In the former case the analyst is continually receiving communications, in one way or another, from the patient, indicative of the degree to which his internal world is coping with the anticipated break periods, or has coped with the actual experience of them. For the patient's internal world the time scales of these breaks are by no means the same as the time scale of the external world. In the 'here and now' of the analytical situation the coming, or past, break of a day, week or month may well mean, or have meant, 'for ever' on the patient's internal time scale. One aspect therefore of this set of situations might be the assessment of the patient's ability to tolerate the operation of a reality time scale in his internal world. Another aspect concerns the main ways in which separation events occur, namely, whether the breaks are determined by the analyst, by the patient, or are mutually agreed upon. There would be qualitative and quantitative differences in the assessment of them when compared one with another. Considering these and other aspects the analyst could, on the specific knowledge gained in the context of the analytical situation, construct what one might call periodic 'progress reports' on the patient's preparedness for the termination event.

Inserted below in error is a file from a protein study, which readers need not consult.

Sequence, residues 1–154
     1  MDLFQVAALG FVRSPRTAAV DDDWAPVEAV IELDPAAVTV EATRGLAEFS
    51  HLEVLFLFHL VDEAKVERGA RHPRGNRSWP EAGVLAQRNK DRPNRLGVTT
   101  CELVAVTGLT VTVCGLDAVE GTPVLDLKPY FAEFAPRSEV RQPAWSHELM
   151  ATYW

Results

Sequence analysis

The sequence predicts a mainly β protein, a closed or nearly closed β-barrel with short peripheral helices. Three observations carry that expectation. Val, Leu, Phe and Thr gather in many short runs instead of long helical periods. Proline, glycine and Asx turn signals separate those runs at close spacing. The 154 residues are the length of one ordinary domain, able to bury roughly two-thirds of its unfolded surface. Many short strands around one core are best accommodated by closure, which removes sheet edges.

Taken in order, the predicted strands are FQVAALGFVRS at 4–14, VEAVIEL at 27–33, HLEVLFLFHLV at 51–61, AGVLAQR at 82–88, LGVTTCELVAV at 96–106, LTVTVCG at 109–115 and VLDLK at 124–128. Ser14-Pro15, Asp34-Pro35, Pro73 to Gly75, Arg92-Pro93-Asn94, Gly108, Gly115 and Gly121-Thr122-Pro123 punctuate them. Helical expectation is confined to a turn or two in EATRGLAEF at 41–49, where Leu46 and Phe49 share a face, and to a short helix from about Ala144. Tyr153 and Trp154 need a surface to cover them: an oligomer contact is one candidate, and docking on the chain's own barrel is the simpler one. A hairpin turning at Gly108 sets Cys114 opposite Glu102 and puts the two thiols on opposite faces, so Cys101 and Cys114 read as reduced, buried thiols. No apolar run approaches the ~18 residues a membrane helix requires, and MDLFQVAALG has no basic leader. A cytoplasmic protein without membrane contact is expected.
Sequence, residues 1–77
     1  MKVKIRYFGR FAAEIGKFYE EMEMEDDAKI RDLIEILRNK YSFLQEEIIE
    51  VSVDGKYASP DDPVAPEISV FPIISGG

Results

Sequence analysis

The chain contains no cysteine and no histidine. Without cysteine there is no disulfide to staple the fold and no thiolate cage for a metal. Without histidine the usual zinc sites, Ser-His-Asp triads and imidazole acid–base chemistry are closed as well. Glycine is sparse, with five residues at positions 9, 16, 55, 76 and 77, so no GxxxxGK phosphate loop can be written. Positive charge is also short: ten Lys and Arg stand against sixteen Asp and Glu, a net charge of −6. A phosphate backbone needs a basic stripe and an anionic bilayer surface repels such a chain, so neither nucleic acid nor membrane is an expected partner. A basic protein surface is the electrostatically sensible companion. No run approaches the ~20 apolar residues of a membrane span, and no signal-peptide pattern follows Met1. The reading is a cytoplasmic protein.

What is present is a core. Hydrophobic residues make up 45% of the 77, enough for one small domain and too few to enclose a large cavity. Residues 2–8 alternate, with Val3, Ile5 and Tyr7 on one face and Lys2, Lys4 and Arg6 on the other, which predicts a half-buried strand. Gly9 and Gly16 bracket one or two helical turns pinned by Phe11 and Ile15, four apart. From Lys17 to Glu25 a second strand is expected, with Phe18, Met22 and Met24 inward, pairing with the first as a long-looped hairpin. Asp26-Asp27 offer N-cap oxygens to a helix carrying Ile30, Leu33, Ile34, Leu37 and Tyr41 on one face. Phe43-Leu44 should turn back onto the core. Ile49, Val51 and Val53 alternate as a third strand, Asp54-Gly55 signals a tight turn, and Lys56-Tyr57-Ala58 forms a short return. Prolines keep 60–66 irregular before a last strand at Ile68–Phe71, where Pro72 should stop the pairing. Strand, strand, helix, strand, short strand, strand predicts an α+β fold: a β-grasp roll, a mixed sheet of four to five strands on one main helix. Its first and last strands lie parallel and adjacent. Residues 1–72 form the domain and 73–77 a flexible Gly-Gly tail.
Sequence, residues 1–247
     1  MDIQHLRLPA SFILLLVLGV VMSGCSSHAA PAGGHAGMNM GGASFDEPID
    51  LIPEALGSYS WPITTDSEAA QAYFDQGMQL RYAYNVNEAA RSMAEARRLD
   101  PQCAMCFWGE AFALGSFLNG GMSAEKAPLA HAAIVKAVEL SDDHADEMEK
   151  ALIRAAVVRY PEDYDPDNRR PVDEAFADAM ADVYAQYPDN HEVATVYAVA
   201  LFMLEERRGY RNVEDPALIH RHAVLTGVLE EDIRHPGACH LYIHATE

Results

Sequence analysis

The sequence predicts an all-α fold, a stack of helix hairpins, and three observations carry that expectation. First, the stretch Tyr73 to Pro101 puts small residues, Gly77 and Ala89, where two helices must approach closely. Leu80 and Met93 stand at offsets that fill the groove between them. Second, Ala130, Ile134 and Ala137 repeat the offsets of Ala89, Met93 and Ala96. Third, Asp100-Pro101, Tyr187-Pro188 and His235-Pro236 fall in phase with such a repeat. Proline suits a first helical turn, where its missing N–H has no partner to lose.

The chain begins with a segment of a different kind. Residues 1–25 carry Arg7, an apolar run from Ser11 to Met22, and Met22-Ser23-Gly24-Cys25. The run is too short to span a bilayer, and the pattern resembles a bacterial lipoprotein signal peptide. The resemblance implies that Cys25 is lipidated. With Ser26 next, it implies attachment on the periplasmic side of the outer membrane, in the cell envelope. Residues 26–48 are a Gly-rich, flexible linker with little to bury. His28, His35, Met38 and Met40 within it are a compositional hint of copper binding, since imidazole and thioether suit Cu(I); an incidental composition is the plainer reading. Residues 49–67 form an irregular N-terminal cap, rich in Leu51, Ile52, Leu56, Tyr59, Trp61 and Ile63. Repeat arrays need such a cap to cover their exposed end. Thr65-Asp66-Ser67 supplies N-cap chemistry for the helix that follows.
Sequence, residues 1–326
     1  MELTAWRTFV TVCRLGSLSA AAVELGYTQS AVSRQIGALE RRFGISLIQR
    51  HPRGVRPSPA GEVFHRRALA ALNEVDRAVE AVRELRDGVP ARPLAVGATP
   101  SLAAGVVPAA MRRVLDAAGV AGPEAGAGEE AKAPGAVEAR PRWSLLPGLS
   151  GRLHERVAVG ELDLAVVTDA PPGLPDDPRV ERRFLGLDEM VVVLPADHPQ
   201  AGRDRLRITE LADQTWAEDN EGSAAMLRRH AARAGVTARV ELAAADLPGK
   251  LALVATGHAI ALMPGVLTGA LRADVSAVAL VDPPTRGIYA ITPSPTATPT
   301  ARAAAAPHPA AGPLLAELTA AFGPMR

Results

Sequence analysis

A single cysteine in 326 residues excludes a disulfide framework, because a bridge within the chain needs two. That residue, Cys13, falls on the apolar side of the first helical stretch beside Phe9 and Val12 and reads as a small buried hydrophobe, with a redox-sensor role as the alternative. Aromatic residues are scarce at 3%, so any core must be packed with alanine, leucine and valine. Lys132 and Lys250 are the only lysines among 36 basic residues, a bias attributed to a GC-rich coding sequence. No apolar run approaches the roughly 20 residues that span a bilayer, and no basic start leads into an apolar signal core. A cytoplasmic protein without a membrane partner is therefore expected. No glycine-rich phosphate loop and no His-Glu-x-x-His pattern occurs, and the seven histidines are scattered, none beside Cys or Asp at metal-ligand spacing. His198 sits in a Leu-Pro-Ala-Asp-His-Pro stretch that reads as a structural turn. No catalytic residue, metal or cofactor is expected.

As and when, in the second set of situations, the patient brings into the analysis material concerning those separation events occurring in his external world, whether in advance, at the time, or in retrospect, it is worked through in the transference. In this frame of reference another series of 'progress reports' could be made.
Although part of the therapeutic task of the analyst in this transitional community of two people is always the examination and assessment of the patient's ability to cope with many other problems relating to the final termination event, particular emphasis has been given here to separation experiences and short-term experiments in termination, which occur throughout analysis, and are dealt with in the analytical situation. In constructing, on this evidence, specific periodic 'progress reports' for each patient, and comparing them one with another throughout analysis, certain general criteria for the final termination event may well emerge.